Brexit and the public sector built environment

The event was hosted by Women Who Build Britain and whilst it is clearly difficult to predict the precise impact Brexit could have, there are a number of visible issues for both the public sector and the construction industry.

In the run up to the referendum, there is already a great deal of uncertainty about the future of the economy, and major construction projects are being acutely affected. Key decisions are being put on hold until after the vote. Should the UK vote for a Brexit, this situation could continue until a renegotiation of Britain’s relationship with Europe has been completed.

The public sector faces perhaps the most significant challenge if the British public were to vote to leave the EU. Any economic shocks or a significant shift in migration patterns would throw all of the public sector’s predictions about future public service requirements into flux.

Victoria Brambini, SCAPE

This makes it extremely difficult for Local Authorities to plan essential provisions such as school places, or for NHS Trusts to shape their primary care facilities – this is no easy task and relies upon detailed population, movement and demographic projections in each region.

Our recent school places research found that as many as 11,000 new primary school classrooms are needed by 2024 to meet the rising number of primary school pupils, and many local authorities are already working on building these. Any significant drop in EU migration could mean these classrooms become underutilised, and so it is understandable that public sector decision-makers might choose to postpone commissioning them.

A critical issue that must be addressed in the event of an exit vote is the likelihood of reduced investment in both public and private sector construction projects, as EU funding falls away and foreign investors target opportunities for better prospects of returns elsewhere.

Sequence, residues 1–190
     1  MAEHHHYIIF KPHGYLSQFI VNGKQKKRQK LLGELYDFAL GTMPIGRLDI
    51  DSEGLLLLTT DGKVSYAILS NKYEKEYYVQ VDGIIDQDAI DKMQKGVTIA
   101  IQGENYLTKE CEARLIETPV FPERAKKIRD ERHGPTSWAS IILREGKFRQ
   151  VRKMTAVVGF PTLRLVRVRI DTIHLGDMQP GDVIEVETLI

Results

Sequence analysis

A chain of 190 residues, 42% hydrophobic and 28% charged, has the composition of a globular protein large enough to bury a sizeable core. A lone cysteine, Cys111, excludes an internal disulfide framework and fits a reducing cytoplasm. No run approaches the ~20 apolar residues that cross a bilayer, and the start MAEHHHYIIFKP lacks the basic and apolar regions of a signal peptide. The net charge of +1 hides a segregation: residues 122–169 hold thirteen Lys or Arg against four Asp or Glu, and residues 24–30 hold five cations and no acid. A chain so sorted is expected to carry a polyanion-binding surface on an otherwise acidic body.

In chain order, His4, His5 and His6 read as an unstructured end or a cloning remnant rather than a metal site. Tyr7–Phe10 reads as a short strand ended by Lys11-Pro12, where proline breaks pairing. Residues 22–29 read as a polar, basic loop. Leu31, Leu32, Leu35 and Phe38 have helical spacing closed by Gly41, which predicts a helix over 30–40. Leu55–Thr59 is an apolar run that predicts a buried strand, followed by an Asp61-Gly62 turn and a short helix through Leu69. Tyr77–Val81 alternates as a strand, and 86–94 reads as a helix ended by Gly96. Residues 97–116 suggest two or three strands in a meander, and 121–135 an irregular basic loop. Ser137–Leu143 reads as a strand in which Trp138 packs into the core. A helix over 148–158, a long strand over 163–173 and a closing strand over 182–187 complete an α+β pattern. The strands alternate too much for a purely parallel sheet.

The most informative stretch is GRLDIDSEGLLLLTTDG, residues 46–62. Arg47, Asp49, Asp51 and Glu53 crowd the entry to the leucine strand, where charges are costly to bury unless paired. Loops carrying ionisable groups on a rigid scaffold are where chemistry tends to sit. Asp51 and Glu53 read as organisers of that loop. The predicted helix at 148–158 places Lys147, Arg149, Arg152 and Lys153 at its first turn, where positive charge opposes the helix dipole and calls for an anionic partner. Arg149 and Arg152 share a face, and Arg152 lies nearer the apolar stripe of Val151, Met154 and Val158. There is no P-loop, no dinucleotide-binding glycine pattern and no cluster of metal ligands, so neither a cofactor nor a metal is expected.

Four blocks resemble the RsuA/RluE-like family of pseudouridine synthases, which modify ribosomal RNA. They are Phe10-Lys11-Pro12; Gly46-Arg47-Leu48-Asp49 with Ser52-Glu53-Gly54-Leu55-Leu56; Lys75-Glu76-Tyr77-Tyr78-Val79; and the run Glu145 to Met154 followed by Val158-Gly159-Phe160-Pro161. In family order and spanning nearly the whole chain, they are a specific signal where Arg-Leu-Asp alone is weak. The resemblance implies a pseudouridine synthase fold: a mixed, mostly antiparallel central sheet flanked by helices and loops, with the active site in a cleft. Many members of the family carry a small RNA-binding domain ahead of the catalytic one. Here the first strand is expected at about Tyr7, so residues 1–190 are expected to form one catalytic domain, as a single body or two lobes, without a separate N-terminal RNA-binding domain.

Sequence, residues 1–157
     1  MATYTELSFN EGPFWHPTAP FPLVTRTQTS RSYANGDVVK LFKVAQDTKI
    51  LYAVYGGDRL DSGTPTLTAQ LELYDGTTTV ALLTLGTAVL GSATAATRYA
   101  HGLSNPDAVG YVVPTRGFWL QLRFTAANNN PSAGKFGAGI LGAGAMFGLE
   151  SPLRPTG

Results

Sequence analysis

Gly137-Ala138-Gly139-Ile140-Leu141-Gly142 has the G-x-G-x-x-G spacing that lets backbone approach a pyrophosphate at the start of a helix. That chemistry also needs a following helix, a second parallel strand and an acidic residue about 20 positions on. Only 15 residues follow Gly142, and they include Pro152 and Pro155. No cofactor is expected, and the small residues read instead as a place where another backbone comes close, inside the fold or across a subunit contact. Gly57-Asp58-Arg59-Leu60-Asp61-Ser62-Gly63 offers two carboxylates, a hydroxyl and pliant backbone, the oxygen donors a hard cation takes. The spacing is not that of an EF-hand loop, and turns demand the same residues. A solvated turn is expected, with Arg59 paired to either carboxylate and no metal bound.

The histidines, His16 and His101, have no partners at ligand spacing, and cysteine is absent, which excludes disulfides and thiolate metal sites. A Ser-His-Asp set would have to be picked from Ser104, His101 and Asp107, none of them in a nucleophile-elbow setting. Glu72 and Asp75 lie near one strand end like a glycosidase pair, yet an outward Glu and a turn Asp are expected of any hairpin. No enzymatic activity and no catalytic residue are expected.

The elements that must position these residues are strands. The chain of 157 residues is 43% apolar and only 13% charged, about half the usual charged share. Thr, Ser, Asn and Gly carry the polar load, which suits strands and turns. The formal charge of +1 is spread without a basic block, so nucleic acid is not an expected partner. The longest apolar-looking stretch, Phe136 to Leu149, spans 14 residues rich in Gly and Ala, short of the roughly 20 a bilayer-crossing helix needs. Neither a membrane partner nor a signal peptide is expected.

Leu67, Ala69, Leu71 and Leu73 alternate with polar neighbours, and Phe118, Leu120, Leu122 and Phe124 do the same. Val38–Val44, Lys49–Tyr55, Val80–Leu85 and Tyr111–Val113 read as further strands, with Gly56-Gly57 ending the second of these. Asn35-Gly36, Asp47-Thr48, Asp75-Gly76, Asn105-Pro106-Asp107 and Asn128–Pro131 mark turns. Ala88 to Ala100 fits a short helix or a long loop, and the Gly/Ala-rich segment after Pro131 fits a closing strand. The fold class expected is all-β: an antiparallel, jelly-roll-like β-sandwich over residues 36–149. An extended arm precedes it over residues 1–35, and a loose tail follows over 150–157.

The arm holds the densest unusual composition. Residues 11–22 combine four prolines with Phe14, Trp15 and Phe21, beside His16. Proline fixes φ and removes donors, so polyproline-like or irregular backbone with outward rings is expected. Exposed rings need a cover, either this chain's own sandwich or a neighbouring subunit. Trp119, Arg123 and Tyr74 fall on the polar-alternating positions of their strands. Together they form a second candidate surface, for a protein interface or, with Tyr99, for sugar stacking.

The loss of EU funding for major projects would be an absolute travesty that would put some of the largest schemes under threat with no alternative source of funding in sight. Projects that could be threatened include the extension of the M8 motorway between Edinburgh and Glasgow, and investment in 65 new Super Express Trains for the East Coast mainline.

Construction output is already stalling as a result of the uncertainty caused by the referendum. The most recent CIPS/Markit data showed that activity in the construction industry in May slowed to its weakest level of growth since June 2013. Even when output picks up again, the delays of the last few months will have a knock-on impact on projects and could mean the slowdown being felt years down the line due to a chain of decisions being put on hold. In the event of a Brexit vote, the issue could remain hanging over the industry for several more years as the renegotiation gets underway.

The construction industry is already battling a severe drought of key skilled workers, and any post-Brexit immigration cap, points based or not, would worsen an already very difficult situation for both the public and construction sectors.

Victoria Brambini, SCAPE Procure

Currently foreign workers make up around 12% of the construction workforce and most of these are from the EU. To meet demand and replace retiring workers, the UK needs to recruit nearly 1 million new workers into the construction industry by 2020, a nearly impossible task if we leave the EU.

From a procurement perspective, Brexit may have less of a short term impact. We expect there will be little change to the use of all forms of frameworks, even if the UK leaves the current EU regulatory system the procurement principles are enshrined in UK legislation.

Frameworks are proven to deliver efficiencies and value for the UK taxpayer so there is likely to be ongoing demand from across the range of public sector organisations as their drive for improved quality in service provision, more innovation and better outcomes continue to be challenged by inadequate resources. SCAPE’s frameworks alone have saved over £390m on public sector projects and as such, we expect current and future frameworks will remain attractive, on offer and in demand regardless of the result on the 23rd June.

Written by:

Victoria Brambini

Managing Director